What are the Problem of Deterrence? 

Deterrence has not worked every time 

  • Nuclear threats have not always produced fear and, in turn, fear has not always induced caution. 
  • To the contrary, nuclear threats in some cases have produced anger, and anger can trigger a drive to escalate, as was the case during Cuban missile crisis of 1962 

Promotes War Mentality 

  • All nuclear weapon states have admitted to the possibility that deterrence could fail and have made plans for using nuclear weapons, in effect, preparing to fight nuclear war. 

Promotes Overconfidence that is dangerous 

  •  In the real world, it is not possible for planners to have complete control.  
  • The desire to believe in the perfect controllability and safety of nuclear weapons creates overconfidence, which is dangerous 
  • Overconfidence, as many scholars studying safety say, is more likely to lead to accidents and possibly to the use of nuclear weapons. 

Conclusion 

In several historical instances, what prevented the use of nuclear weapons was not control practices but either their failure or factors outside institutional control (Ex: Cuban Missile Crisis). Thus, one needs to relook at the idea of deterrence created by Nuclear weapons. 

Connecting the dots 

  • India’s Nuclear Doctrine and No First Use Policy 

(TEST YOUR KNOWLEDGE)


Model questions: (You can now post your answers in comment section)

Note: 

  • Correct answers of today’s questions will be provided in next day’s DNA section. Kindly refer to it and update your answers. 
  • Comments Up-voted by IASbaba are also the “correct answers”.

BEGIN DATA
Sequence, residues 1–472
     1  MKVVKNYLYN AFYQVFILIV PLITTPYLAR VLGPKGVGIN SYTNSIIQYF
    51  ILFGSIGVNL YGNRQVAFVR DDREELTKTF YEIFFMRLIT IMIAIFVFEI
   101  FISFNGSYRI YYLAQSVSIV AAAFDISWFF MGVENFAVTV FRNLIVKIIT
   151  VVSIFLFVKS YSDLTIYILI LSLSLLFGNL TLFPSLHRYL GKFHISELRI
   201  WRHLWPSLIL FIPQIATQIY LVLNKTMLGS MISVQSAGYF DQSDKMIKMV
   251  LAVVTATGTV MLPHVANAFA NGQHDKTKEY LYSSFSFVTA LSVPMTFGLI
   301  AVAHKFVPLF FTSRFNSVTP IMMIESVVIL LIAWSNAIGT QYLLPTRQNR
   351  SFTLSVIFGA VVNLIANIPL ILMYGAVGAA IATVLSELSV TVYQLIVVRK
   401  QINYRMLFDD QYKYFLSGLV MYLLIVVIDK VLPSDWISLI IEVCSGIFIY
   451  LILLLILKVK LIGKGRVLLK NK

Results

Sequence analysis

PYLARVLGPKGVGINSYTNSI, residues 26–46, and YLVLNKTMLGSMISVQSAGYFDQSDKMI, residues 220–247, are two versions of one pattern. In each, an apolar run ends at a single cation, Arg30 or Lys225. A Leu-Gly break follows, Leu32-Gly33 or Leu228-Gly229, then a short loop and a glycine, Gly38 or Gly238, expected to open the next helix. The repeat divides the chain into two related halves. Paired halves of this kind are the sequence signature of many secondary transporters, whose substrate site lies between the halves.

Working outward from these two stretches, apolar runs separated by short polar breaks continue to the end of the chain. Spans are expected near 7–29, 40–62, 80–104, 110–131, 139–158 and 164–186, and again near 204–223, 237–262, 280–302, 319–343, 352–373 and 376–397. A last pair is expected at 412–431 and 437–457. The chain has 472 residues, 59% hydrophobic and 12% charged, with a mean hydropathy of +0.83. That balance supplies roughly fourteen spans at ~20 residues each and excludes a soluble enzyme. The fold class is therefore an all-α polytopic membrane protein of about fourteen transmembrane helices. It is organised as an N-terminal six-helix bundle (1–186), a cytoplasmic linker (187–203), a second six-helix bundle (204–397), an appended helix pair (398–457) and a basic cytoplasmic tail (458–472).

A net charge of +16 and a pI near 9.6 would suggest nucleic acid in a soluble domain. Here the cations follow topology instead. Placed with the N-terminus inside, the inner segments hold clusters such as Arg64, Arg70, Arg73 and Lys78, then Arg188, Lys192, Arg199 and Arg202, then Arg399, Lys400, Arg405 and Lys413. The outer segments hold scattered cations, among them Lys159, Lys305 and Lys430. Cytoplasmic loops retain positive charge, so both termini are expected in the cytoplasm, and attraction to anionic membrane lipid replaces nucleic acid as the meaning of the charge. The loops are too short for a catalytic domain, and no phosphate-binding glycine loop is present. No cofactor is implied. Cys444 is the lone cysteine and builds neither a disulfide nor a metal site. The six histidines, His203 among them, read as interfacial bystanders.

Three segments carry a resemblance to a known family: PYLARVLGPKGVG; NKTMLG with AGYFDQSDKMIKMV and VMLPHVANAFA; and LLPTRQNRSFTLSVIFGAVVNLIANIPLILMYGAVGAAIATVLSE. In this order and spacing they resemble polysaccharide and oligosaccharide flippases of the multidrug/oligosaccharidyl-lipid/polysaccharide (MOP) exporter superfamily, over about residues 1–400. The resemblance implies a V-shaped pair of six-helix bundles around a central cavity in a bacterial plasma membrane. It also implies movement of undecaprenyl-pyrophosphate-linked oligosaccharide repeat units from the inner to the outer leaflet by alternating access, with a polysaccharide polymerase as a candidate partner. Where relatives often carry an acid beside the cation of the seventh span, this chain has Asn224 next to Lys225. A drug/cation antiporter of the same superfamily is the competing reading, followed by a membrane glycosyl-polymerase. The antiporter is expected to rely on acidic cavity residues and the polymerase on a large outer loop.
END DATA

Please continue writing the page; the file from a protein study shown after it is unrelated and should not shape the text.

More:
Q1. Consider the following statements about Ammonium nitrate: 

  1. It is a white, crystalline chemical which is soluble in water.
  2. It is the main ingredient in the manufacture of commercial explosives used in mining and construction.
  3. Pure ammonium nitrate is classified as an oxidiser under the United Nations classification of dangerous goods.  

Select the correct code 

  1. 1 only 
  2. 1 and 3 
  3. 2 and 3 
  4. 1, 2 and 3 

Q2. Which of the following Fundamental Rights are available only to Indian Citizens?

  1. Equal opportunity in Public employment.
  2. No discrimination on the ground of religion, race, caste, sex or place of birth.
  3. Protection of language and script
  4. Right to establish and administer educational institutions 

Select the correct answer

  1. 1, 2 and 3
  2. 2 and 3 
  3. 2, 3 and 4
  4. 1, 2, 3 and 4

Q3. To promote the educational and economic interests of SCs, STs, and other weaker sections of the society and to protect them from social injustice and exploitation is a provision under –

  1. FRs
  2. FDs
  3. DPSPs
  4. None of the above

ANSWERS FOR 5th AUG 2020 TEST YOUR KNOWLEDGE (TYK)

1  B 
2  B 
3  D 
4  A 
5  A 

Must Read

About ways to finance the Corona stimulus package:

The Hindu

About blasts in Lebanon:

The Hindu

About Jammu & Kashmir changed status: 

The Indian Express